Why You Should Always Take Shortcuts

Performance-focused people tend to be fascinated with doing things better.  On the east coast, they call that taking “shortcuts.”  In Silicon Valley, they’re “hacks.”  No matter what you like to call them–shortcuts, hacks, unfair advantages, outside-the-box insights, cheating, or tool, (as long as it doesn’t sacrifice quality, or hurt others) there’s a certain elegance in doing something in a way that’s just plain better and more efficient.

No matter the task – be it winning a game, earning top grades, making money, solving a health problem, improving your physique, or intelligence, there’s always extra joy and a net benefit in meeting goals with new kinds of hacks.

When it comes to hacking, the friends who accuse you of cheating are the most important, because you can measure how good your hack is by how many people say it’s not fair.

Hacking a problem is nothing more than solving it faster, or with less effort.  Many of the best inventions are improvements upon existing products.

Accomplishing something via hacking is rewarding because you exceed your own expectations, which came about from being conditioned to conventional norms.  Learning to hack your life is the process of evaluating “conventional wisdom,” finding new ways to do things, and measuring the results.   As you’ve read on The Bulletproof® Executive, there are many tools and methods for quantifying your results to find out what works, and what doesn’t.

When I began The Bulletproof® Executive blog, I embraced the notion of hacking as a vital part of being a thinking entrepreneur.  When I come across a conventional approach to a problem, my first thought is, “How can I hack it?”  Herd behavior leads to being average.  Creative thinking makes you exceptional!  This mindset empowers you to solve problems like how to upgrading your mental performance, how to get into better shape, how to be more business savvy.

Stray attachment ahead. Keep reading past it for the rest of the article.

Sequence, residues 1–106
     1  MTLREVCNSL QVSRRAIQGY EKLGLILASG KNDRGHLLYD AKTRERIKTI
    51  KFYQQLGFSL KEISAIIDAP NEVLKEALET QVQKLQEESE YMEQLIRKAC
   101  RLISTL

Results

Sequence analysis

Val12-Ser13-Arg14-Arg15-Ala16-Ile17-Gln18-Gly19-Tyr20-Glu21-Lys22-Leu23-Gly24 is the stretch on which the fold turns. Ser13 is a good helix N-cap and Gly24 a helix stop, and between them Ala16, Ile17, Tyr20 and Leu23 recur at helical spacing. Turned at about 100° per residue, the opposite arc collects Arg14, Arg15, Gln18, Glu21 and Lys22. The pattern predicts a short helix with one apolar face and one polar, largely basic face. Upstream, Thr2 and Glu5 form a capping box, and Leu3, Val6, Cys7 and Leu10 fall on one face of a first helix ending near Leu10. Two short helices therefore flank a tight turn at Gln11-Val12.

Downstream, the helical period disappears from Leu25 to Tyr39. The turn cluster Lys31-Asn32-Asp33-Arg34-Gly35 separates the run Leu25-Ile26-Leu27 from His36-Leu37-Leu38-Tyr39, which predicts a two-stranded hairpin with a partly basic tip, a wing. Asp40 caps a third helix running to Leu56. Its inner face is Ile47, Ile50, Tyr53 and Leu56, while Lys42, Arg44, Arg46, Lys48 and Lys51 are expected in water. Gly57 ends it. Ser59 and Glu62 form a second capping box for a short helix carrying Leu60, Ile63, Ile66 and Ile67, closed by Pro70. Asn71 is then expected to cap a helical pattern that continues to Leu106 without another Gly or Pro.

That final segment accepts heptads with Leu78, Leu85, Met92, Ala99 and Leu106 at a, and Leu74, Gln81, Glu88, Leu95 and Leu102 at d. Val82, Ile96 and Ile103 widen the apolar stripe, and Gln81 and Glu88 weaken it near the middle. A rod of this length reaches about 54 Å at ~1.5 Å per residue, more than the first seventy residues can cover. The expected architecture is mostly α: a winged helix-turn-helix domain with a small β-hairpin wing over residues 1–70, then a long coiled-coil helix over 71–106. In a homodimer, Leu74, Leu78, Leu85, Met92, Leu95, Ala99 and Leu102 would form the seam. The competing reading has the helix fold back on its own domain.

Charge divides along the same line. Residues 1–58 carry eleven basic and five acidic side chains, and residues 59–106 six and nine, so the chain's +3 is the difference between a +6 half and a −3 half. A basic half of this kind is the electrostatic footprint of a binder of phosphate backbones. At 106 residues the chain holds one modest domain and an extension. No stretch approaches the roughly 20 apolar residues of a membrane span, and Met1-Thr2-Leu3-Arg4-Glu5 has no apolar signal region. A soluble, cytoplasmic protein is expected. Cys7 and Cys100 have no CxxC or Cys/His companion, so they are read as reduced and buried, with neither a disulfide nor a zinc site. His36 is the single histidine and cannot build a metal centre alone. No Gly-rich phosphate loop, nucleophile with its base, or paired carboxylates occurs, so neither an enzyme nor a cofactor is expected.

I am always excited to try new supplements, new technology, and new processes that improve my life.  When I find great information, I will make sure and share it with you on the blog!

You may also like

Share on facebook
Share on twitter
Share on linkedin
Share on pinterest
Share on facebook
Share on twitter
Share on linkedin
Share on pinterest

Statements made on this website have not been evaluated by the U.S. Food and Drug Administration. These products are not intended to diagnose, treat, cure, or prevent any disease. Information provided by this website or this company is not a substitute for individual medical advice. Articles and information on this website may only be copied, reprinted, or redistributed with written permission (but please ask, we like to give written permission!) The purpose of this Blog is to encourage the free exchange of ideas. The entire contents of this website is based upon the opinions of Dave Asprey, unless otherwise noted. Individual articles are based upon the opinions of the respective authors, who may retain copyright as marked. The information on this website is not intended to replace a one-on-one relationship with a qualified health care professional and is not intended as medical advice. It is intended as a sharing of knowledge and information from the personal research and experience of Dave Asprey and the community. We will attempt to keep all objectionable messages off this site; however, it is impossible to review all messages immediately. All messages expressed on the Blog, including comments posted to Blog entries, represent the views of the author exclusively and we are not responsible for the content of any message.